Most of those shots came in garbage time (I would guess)...and when he comes in at other times he seems to play with that mentality of... "oh hey i'm in now...might as well pull the trigger (garbage time mentality)". The coaches saw that too and made sure to get him off the court and either thj or stauskas back on the court immediately after those crap possessions. The 3 he took was potentially ok...but there is no reason for him to be trying to go iso on the nc state defender when there is trey burke on the floor. Frankly, burke can do that all day if he wants and get a better quality shot. I don't mean to sound harsh but if he is on the floor he needs to be a ball mover not a black hole. His role should mirror someone like vogrich, who rarely forces anything.


November 28th, 2012 at 10:10 AM ^

I hope the defensive rebounding thing doesn't become a Thing.  K-State got a whole bunch of points off second chances as well.  Interestingly, according to KenPom, we're fourth in the country at allowing opponents' offensive rebounds, but in the two games that I've seen they sure don't pass the eye test.

On the other hand, it is incredible watching this team just toy with top-25 opponents like this.  And without being addicted to the three-ball, too.


November 28th, 2012 at 10:22 AM ^

To me, it's seemed less like the inability to dominate on the defensive boards and more complacency after taking the lead.  Neither are desirable, obviously.

I might be remembering incorrectly but a lot of those second chance points came in the second half when they went on their run and into the end of the game.  We just have to do a better job of keeping our foot on the pedal and finishing down low defensively when we take control of the game. 

Really, everything down low has to improve.  McGary and Horford getting into the rotation has done wonders so far this year in terms of easing the pressure on Morgan foul-wise.  But in terms of getting them involved on the offense, cutting down on turnovers, and defending the paint, it's still a work in progress.


November 28th, 2012 at 10:35 AM ^

I think you're right about the second half as regards the NC State game.  I definitely remember the K-State first half being loaded with K-State offensive rebounds.

Of course, one of the NC State offensive rebounds is probably the one where Morgan tipped it into his own basket and was rewarded by having the ball land on his head.  So there's that.


November 28th, 2012 at 10:20 AM ^

I think we learned that if we play another team with 3 guys over 6'8" who can create their own shot from the post, only this time that team has a sentient coach, we may be in trouble.

How many teams have 3 guys over 6'8" who can create their own shot from the post? I can't think of another.

A guy like Thomas from OSU will have his way with us - but do they have enough other guys to keep up? Bergren can score on us too, but I'm not sure what else Wisconsin has. MSU's big guys aren't scorers.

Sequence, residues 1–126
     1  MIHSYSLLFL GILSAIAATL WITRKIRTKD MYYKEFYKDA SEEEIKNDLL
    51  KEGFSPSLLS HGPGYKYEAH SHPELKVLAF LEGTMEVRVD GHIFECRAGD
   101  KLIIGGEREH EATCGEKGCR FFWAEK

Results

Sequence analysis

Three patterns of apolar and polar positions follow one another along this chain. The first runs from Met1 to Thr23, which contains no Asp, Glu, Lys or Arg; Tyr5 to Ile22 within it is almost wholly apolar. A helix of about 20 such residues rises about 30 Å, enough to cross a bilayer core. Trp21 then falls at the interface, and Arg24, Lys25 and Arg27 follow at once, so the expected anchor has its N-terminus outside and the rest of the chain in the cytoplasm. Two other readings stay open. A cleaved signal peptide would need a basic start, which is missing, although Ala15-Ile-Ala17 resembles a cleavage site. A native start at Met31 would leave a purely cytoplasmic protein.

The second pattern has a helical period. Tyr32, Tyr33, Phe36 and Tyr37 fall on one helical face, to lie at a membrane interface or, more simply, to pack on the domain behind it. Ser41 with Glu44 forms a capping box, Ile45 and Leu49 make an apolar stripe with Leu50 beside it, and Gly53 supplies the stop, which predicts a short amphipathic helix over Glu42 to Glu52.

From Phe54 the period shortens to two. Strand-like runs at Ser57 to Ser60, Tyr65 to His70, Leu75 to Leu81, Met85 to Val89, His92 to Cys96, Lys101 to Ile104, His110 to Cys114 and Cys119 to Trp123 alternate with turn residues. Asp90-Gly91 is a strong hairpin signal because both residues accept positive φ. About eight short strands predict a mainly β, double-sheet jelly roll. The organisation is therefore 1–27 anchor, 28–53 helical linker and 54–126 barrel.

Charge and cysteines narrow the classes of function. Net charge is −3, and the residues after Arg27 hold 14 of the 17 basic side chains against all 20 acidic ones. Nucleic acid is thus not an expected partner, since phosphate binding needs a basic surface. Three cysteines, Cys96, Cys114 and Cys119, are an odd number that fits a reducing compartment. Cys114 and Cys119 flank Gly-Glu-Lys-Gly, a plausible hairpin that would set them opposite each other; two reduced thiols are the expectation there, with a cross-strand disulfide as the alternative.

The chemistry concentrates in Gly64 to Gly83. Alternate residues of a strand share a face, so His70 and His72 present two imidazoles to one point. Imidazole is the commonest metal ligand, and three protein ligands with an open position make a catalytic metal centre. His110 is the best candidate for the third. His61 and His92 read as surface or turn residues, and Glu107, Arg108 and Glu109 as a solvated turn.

November 28th, 2012 at 11:18 AM ^

I agree. In terms of there pro prospects...

CBS:               CJ 19, DT 35
DraftExpress: CJ 17 DT 47
SI:                   CJ 16 DT wasn't listed in top 20
nbadraftnet:    CJ 31 DT 66

Thomas may be currently more polished but I think CJ may present the more athletically demanding matchup armed with a lot more quick twich basketball moves.


November 28th, 2012 at 11:45 AM ^

I'm not discussing who is a better pro prospect.



Thomas actually plays on the interior quite a bit outside of this 3 attempts from outside the arc per game. He definitely plays outside more than Leslie, I will give you that.

Thomas was, according to KenPom, one of the most effective offensive rebounders in the nation last year (better, in terms of rate than Leslie). He also shot better than Leslie, according to eFG%. Leslie was better on the defensive glass, but Thomas also played next to one of the 20 best defensive rebounders in the game - it's hard to have a great rate at that point.

Blue boy johnson

November 28th, 2012 at 11:19 AM ^

I think M will be ok with playing teams with good post scorers. McGary is getting better by the minute, Horford can handle more mins than he is getting, and Beilein talks all the time about Bielfeldt deserving minutes, but they just aren't available. M has 20 fouls to give in the post, 25 if you count GRIII and 30 if you throw in McLimans.

I really like what I've seen in the limited minutes of Bielfeldt; He definitely can contribute


November 28th, 2012 at 10:24 AM ^

Beilein's boys are going places this year but I'm trying not to think too far ahead. Just enjoying watching a really talented team that can score in so many ways. I enjoyed the gritty grittiness of the Novak-Douglass years and what those teams accomplished, but it's nice to know we have not just the coaching and the guts but also the sheer talent to play and beat anybody now.  

It'll be fascinating to see how this team handles some true adversity once they get into Big Ten play, e.g., how they respond to a challenge like playing IU at Assembly Hall. Looking forward to watching the season unfold with these guys.


November 28th, 2012 at 10:30 AM ^

This is quite nit picky but I noticed that our help defense on the interior was a little slow. Maybe it was just the fact that NC State's big guys were really athletic but I felt McGary and Horford in particular were a little late on their rotations.

Overall, this team just has waves of talent to throw at opponents. I can't remember a time when we could just out-talent teams like we are doing this year. Scary thing is I don't feel we've even put a complete game together yet.